A Flash Fiction story about a mother and her unfortunate seaside visits.
By Stephen A Abell – 2nd January 2021.
Number of Words – 498.
The woman stood on the beach and stared silently out across the North Sea. Fifteen years she had made the trip to this coastline. Always on the same day. There was more kinship between her and the boundless ocean than she had ever possessed with her family. Theirs was a melancholy connection.
Fifteen years ago, her son had strayed too far in the dinghy she and her husband had purchased. Even today, it astonished her at how fast one could lose sight of somebody in such a complete vastness. The sea had been tranquil that day. Nonetheless, he had still vanished. The coastguard recovered the little rubber boat, but not the body of their son. He remained missing.
They had called the police and coastguard twice a day for news. Within two weeks, this dwindled to once a day. Within two months, it had become once a week. Then once a month. Finally, they made the sullen trek to Whitby every year. Quickly they became known as The Couple, between the chattering locals.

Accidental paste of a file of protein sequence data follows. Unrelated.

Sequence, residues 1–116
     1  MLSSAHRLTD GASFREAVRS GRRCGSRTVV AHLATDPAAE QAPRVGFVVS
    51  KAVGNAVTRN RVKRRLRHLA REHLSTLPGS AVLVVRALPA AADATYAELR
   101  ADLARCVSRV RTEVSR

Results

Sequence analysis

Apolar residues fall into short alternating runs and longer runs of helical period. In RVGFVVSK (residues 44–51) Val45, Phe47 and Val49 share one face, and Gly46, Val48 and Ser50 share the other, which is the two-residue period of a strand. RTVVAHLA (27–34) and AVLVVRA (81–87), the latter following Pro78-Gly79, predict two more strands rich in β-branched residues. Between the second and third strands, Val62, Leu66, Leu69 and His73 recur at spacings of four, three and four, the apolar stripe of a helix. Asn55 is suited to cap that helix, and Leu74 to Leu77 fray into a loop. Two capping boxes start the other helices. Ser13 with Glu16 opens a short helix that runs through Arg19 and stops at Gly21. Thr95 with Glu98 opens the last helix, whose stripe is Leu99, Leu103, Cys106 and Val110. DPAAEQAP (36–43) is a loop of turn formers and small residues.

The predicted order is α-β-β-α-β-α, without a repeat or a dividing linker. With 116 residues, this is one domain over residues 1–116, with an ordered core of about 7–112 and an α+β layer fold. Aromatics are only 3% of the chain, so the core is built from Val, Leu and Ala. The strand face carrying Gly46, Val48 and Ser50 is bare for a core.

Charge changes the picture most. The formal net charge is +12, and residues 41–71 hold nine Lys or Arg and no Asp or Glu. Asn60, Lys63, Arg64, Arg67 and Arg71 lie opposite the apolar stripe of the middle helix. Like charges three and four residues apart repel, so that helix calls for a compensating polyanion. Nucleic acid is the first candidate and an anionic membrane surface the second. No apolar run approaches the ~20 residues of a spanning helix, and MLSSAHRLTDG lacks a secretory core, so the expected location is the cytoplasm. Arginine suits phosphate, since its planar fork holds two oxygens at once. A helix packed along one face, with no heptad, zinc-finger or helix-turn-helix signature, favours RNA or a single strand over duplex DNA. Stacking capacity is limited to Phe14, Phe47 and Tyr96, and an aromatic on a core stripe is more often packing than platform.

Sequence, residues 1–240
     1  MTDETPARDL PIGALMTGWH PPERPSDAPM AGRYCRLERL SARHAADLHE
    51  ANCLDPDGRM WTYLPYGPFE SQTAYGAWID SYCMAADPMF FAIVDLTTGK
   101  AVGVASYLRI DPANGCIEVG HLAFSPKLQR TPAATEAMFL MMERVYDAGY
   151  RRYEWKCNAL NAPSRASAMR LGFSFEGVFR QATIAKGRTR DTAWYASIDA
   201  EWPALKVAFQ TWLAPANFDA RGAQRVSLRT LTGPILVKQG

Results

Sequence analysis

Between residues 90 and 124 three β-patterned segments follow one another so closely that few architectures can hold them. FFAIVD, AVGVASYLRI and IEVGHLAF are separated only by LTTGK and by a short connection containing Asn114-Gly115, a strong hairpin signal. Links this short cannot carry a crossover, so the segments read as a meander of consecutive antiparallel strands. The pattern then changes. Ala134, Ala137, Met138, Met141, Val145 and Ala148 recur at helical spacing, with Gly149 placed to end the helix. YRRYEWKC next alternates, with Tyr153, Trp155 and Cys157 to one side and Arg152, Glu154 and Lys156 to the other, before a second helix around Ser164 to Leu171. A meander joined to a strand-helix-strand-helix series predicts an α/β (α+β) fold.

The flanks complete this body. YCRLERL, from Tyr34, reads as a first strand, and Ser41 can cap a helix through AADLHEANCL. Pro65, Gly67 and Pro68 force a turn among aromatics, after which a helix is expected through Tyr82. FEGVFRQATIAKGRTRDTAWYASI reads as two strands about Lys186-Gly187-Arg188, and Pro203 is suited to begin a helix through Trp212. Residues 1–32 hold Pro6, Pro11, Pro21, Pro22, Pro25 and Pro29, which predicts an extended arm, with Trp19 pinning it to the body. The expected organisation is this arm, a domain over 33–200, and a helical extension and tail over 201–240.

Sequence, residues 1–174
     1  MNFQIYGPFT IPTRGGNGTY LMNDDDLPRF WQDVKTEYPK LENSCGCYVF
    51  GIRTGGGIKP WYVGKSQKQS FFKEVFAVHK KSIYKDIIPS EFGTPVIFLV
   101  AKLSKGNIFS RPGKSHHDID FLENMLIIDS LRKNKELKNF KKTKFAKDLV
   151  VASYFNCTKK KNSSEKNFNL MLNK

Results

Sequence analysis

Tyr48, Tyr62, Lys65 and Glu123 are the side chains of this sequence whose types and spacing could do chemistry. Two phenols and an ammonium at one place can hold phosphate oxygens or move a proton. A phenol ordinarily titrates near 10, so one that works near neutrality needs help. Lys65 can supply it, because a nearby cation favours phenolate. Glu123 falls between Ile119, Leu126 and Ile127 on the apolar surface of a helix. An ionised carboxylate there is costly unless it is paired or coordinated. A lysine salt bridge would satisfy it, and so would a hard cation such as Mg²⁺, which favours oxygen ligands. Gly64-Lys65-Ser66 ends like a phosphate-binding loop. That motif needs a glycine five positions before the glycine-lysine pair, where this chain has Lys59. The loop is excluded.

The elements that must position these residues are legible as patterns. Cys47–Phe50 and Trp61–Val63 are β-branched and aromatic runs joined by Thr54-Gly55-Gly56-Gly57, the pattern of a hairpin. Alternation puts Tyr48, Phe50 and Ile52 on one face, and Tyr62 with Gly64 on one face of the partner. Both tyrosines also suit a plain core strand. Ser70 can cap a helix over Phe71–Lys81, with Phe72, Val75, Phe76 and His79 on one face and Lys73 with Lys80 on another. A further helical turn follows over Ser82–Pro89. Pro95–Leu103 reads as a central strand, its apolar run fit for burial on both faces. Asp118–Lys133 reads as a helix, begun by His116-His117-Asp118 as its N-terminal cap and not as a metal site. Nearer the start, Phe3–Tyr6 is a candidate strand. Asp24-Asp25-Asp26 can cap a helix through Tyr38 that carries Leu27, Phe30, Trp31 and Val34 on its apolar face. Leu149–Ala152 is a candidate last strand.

Six years ago, her husband disappeared. She had gone to the local police station to enquire if there was any new information. The Couple had argued over this decision. Her husband had quarrelled, “It’s a waste of time. If they haven’t found him by now, they’re never goin' to find him.” Their son was gone. She left her husband on the parade watching the waves break on the abbeys cliffside. When she returned, remorseful over their disagreement, she could not see him anywhere. She had thought he would be sitting in the pagoda overlooking the harbour. Though, when asked, nobody remembered him. She then hurried down the street to their favourite café. The owner and waitresses had not seen him. An uneasy feeling began growing in the pit of her stomach. Without pause, she hastily rushed to the chippy on the beach. Once again, nobody recalled seeing him. As she cursed him under her breath, she pulled the phone from her handbag. Snapping a photo of the harbour lighthouse, she quickly zoomed into the image. Only a few people were walking on the pier, and none wore her husbands' clothes. She headed down to the beach. From here she could walk back to the car, parked in their traditional spot near the pavilion. In all likelihood, he would be there, sulking dejectedly.
The car was unoccupied and soulless. She had stayed overnight and reported his disappearance to the local coppers. They said he would probably return home in his own good time. All his clothes and beloved possessions still resided in the house, though, he had not returned.
Night had fallen, catching her by surprise. In the dark sky, one star shone radiantly. Its twin glittered exquisitely in the halcyon mirror of the water. The reflection shattered and calmness rioted as something emerged from the depths. An old familiar chill enshrouded her. Something was coming towards the beach. Towards her.
Nobody went home that night.